Thursday, April 2, 2009

How Microsoft Can Help Me Teach Better

Times have changed! They are changing faster than most of us can keep up. So it's important to pass along to our students the skills that are transferable to any discipline, any career, and for anything they may want to do in an unforeseeable future.
As educators, that means we must assign our students tasks that involve higher order thinking, project based work that requires them to work collaboratively, to reflect on what they have done and are doing.
Whether we like it or not the Internet has become part of our infrastructure. We use it to bank and manage our money, to conduct all kinds of business, to communicate with voice and video, and to connect and collaborate with colleagues, friends, and family. Its become a part of our identities. Like it or not, this is not going to change. That fact means that we need to teach our students responsible ways to use these hardware and software tools and be good digital citizens.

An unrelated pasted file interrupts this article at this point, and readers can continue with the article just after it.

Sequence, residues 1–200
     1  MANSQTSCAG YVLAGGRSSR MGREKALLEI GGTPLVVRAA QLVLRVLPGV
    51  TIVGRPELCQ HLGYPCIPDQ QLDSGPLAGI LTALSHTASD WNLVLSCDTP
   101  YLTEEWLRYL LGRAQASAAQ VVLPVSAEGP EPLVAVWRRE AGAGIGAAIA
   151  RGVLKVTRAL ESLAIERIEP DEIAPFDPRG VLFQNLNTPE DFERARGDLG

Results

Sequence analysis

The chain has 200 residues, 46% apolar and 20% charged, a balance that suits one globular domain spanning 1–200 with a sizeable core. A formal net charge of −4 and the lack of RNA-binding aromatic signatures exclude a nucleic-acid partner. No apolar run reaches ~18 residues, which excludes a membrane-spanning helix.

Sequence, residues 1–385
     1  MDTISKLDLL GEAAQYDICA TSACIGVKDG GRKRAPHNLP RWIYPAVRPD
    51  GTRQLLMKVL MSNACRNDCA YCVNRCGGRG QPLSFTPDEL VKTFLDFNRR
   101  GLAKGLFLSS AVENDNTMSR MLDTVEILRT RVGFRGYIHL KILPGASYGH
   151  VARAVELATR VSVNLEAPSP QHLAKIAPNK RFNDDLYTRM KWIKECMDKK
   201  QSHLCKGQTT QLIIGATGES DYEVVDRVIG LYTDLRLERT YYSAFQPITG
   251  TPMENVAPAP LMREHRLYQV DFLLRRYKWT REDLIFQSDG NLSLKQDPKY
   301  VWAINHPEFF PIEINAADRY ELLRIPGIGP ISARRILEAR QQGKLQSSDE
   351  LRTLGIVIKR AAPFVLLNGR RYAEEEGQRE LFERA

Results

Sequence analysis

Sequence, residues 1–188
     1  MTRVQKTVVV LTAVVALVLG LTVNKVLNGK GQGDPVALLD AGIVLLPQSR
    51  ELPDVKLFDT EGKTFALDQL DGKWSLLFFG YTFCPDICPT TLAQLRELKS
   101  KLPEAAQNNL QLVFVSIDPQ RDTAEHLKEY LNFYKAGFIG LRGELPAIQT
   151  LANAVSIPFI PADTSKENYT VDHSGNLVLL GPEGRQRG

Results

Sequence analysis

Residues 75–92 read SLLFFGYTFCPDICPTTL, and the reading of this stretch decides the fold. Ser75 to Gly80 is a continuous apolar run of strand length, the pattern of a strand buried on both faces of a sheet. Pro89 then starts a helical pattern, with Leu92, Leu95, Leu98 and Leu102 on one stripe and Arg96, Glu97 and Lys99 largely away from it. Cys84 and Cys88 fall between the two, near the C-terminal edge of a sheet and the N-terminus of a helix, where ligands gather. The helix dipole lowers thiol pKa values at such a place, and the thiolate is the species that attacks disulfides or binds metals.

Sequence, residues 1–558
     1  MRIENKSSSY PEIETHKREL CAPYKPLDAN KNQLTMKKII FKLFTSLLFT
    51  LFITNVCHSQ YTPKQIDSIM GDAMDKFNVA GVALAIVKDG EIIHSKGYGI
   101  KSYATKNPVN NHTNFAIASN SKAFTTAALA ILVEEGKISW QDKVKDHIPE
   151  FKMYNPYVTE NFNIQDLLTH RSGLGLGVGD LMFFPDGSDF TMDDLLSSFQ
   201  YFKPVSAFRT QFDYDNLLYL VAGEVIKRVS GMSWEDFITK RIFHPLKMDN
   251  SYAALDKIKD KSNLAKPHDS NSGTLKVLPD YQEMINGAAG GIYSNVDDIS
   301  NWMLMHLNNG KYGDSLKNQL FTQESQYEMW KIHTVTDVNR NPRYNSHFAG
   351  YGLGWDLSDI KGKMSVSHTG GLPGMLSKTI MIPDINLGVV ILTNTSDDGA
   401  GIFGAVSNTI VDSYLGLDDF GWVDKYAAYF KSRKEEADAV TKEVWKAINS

Technology hardware and software changes fast, but the basic functions stay relative the same.
To teach better we as educators must think globally about what we are doing and allow our students to design, connect with stories and create their own, see the big picture, how all the smaller parts work together, have the ability to see through the eyes of others. They need to understand many perspectives, and bring meaning to whatever they choose to do in the 21st Century. All this can come about by integrating technology in education. It's not all about the hardware and software - it's what you do with it. Microsoft can help by continuing to create the hardware and software to make these connections and support events like NECC and conferences at the state level.
The opportunity to connect, virtually, electronically, and face to face is the key to great education. It's only through these connections that we broaden our skills, learn new things and continue to try to keep up with these changes, and change ourselves. This way, none of us has to learn alone.

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